Thursday

2nd Jul 2020

Report: UK sidelined in EU decision-making

  • The UK government wanted to be able to say it had been outvoted, researchers argue (Photo: European Parliament)

The UK has marginalised itself in EU decision-making bodies in recent years, a study of the British voting record in the European Parliament and European Council has suggested.

The report by Brussels-based think-tank Votewatch Europe said the UK was the most outvoted country in the European Council between 2009 and 2015, being on the minority side 12.3 percent of the time.

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However, the UK has supported more than 97 percent of the EU laws adopted in the last 12 years, the report discovered.

However, the UK was in favour or at least did not abstain on more than 97 percent of the EU laws adopted in the last 12 years, the report discovered.

Votewatch chairman Simon Hix said British governments had chosen to vote against proposals as a way of defending UK interests.

“The UK has been gradually isolating itself,” he told EUobserver after a discussion launching the report in Brussels on Tuesday. “It is now coming back to haunt them.”

Hix said the previous Conservative-Liberal Democrat coalition wanted to go on the record to say they had lost in the council. He said the reasons were unclear, but it could have been to please vocal, eurosceptic backbenchers.

That fed into the perception that the Franco-German decision-making structure in the EU worked against the UK, he added during the discussion.

The report also suggested that British opposition to EU policies was especially marked on budget, foreign policy and foreign aid issues.

The UK could often rely on the support of Sweden, Denmark and the Netherlands in the council, and these countries would lose an important partner if the UK left the EU.

British in powerful positions

Another phenomenon that has reinforced the perception of the UK being sidelined from EU mainstream politics was that British MEPs have been outvoted in one third of so-called “roll call” votes since 2009.

In the European Parliament, voting happens along party lines, and the British Conservatives left the biggest parliamentary group, the European People’s Party (EPP), in 2009.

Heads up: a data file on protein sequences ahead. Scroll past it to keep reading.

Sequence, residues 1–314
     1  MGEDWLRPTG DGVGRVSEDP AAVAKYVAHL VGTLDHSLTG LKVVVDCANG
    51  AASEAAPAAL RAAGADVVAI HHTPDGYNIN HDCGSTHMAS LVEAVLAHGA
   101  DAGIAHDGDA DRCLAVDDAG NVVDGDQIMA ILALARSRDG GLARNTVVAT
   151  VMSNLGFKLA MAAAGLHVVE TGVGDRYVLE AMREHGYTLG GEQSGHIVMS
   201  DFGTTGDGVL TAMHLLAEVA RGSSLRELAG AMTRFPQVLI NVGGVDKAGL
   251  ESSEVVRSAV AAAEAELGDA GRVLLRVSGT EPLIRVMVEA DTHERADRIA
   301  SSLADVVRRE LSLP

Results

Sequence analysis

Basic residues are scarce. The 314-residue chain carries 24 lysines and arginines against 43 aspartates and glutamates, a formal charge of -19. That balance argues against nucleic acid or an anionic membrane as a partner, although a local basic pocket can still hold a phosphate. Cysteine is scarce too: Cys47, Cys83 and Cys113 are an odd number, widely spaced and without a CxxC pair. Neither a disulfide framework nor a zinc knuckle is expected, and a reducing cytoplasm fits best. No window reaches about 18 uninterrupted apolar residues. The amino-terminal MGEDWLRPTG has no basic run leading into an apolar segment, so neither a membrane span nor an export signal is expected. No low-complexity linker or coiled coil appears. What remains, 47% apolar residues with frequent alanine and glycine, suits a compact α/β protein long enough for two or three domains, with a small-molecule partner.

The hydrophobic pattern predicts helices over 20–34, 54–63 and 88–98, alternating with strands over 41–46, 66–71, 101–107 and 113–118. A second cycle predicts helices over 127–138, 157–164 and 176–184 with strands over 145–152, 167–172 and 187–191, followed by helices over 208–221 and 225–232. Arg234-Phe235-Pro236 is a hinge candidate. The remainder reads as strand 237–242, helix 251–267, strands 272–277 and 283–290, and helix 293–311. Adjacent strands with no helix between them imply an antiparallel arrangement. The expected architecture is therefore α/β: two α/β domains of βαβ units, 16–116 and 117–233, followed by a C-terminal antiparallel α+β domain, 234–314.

The Tories’ group, ECR (European Conservatives and Reformists) was on the winning side 56 percent of the time in the previous EP and has been on the winning side 58 percent so far in this session, the report showed.

There are only 20 Labour members in the Socialist and Democrats group out of its 190 MEPs, and one British liberal member in the EP.

Nevertheless, the report also highlights that British MEPs have captured “many powerful agenda-setting positions”, such as chairmanships in the internal market committee, which the UK has held for the last 12 years, and in the justice and home affairs committee.

Reason vs emotion

On the recently launched official campaign for the referendum on UK's EU membership, Hix said: “The momentum is with the Leave campaign, and support for the Leave camp is growing.”

He said that while the Leave campaign was focusing on “groundwork”, going door to door and engages voters on immigration, the Remain camp focused on the less effective “air campaign” with radio and TV, and talks about the dire economic consequences of the exit.

He added that the key battle would be about the turnout of young people.

MEP David McAllister, a German politician with a Scottish father, said there needed to be more focus on emotions in the Remain campaign, rather than solely trying to target the “head” of the voters with reason.

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